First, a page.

24-year-old Belarusian player, Aryna Sabalenka defeated Elena Rybakina of Kazakhstan in a riveting two-and-a-half-hour match that spanned three sets, 4-6, 6-3, 6-4, to win her first grand slam title at the Australian Open.
Sabalenka who is now 11-0 with two titles in 2023 and will rise to No. 2 in the WTA rankings on Monday.
Rybakina, who took home her first Grand Slam title at Wimbledon last year, kicked off the match explosively, dropping just six service points in the opening set.
But from the beginning of the second set onwards, the battle between the two players—which was as much a test of Sabalenka’s psychological mettle as it was of both their volcanic power—began to turn, with Sabalenka settling in and breaking serve for a 3-1 lead.
Many commentators described Sabalenka’s trajectory throughout the match as a kind of metaphor for her career as a whole.
Immediately demonstrating her jaw-dropping force—but also some inconsistency in her ability to balance that power with precision—she eventually gained the composure and control needed to overcome Rybakina in a thrilling final set that saw Rybakina, to her credit, never falter.
After three missed championship points by Sabalenka, a final forehand error from Rybakina sealed the deal, with Sabalenka falling to the ground in elation.
“I’m super happy that I was able to handle all those emotions,” she said, “and win this one.”
The only set she has dropped all season was the opener on Saturday against Rybakina, who eliminated No. 1 Iga Swiatek in the fourth round.
It was telling that Sabalenka’s remarks during the post-match ceremony were directed at her coach, Anton Dubrov, and her fitness trainer, Jason Stacy — she referred to them as “the craziest team on tour.”
“We’ve been through a lot of, I would say, downs last year,” said Sabalenka, who was appearing in her first major final and had been 0-3 in Slam semifinals until this week. “We worked so hard and you guys deserve this trophy. It’s more about you than it’s about me.”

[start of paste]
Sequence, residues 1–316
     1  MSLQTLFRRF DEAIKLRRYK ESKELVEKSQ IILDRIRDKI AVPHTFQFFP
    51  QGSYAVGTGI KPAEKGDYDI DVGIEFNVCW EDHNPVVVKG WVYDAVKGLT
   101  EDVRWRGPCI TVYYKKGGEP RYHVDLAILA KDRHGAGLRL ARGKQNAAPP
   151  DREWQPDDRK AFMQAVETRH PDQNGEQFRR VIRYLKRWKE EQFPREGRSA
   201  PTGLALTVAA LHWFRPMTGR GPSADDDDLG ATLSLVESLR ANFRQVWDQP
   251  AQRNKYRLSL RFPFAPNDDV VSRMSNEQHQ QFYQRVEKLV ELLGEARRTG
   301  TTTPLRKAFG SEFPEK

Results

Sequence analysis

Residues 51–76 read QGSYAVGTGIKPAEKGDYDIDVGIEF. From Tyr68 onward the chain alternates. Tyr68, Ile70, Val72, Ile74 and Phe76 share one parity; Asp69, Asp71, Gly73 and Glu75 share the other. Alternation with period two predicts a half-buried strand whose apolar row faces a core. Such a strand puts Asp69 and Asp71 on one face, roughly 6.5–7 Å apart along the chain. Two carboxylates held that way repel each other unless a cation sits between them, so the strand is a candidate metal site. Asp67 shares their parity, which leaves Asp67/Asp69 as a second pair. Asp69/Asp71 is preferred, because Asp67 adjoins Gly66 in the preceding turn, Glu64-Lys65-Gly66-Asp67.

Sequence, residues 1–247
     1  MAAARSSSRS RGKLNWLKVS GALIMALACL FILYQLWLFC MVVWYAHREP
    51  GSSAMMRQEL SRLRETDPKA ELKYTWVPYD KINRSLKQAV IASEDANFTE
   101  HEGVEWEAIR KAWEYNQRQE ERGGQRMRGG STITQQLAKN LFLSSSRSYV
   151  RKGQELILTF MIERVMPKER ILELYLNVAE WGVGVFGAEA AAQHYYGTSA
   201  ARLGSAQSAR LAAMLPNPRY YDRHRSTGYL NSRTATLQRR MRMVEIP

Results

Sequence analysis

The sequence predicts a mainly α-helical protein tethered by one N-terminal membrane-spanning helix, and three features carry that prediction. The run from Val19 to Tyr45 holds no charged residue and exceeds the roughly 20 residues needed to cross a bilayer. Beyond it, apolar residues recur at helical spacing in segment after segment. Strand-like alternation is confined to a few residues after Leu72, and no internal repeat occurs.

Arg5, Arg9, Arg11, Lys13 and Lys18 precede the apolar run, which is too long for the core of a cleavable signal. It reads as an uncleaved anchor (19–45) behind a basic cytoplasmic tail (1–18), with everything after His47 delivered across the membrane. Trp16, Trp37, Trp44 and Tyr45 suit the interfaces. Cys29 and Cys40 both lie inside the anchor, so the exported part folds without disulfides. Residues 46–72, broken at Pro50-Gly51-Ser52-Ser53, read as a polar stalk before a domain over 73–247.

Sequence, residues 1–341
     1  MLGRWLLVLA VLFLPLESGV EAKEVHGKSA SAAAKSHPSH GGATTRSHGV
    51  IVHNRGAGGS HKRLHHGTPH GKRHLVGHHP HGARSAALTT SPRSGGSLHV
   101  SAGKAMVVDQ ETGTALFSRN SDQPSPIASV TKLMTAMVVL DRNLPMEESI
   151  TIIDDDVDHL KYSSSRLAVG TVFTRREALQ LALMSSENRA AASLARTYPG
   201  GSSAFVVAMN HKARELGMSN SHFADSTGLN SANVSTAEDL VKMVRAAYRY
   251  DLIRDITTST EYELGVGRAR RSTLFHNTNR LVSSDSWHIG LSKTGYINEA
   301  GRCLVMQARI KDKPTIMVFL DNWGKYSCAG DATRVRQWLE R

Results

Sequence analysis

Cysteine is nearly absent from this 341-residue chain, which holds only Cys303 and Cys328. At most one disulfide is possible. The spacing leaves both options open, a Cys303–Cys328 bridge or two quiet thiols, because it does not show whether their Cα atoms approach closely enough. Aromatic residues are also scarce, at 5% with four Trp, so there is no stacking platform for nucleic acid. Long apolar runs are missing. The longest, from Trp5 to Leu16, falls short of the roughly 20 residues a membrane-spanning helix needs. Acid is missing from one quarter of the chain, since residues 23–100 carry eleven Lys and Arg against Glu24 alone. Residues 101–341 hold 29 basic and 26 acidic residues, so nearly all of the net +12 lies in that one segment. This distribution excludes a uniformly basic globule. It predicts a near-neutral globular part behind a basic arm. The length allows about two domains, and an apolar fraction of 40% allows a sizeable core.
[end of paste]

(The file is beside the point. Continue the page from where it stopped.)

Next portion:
Well, she had a lot to do with it, of course. Those serves that produced 17 aces, helping erase the sting of seven double-faults.
Those hammered groundstrokes and relentlessly aggressive style that produced 51 winners, 20 more than Rybakina’s total. And, despite her go-for-broke shotmaking, somehow Sabalenka limited her unforced error count to 28.
One more key statistic: Sabalenka managed to accrue 13 break points, converting three, including the one at 4-3 in the last set that put her ahead for good.
“She played really well today,” said Rybakina, who has lost all four matches she’s played against Sabalenka, all in three sets. “She was strong mentally, physically.”
While the latter has long been a hallmark of her game, even Sabalenka acknowledges that the first has been an issue.
Her most glowing strength was also her most glaring shortfall: her serve. Capable of delivering aces, she also had a well-known problem with double-faulting, leading the tour in that category last year with nearly 400, including matches with more than 20.
After much prodding from her group, she agreed to undergo an overhaul of her mechanics last August. That, along with a commitment to trying to keep her emotions in check — she used to work with a sports psychologist but no longer, saying she relies on herself now — is really paying off.
“She didn’t have great serve last year, but now she was super strong and she served well,” said Rybakina, a 23-year-old who represents Kazakhstan. “For sure, I respect that. I know how much work it takes.”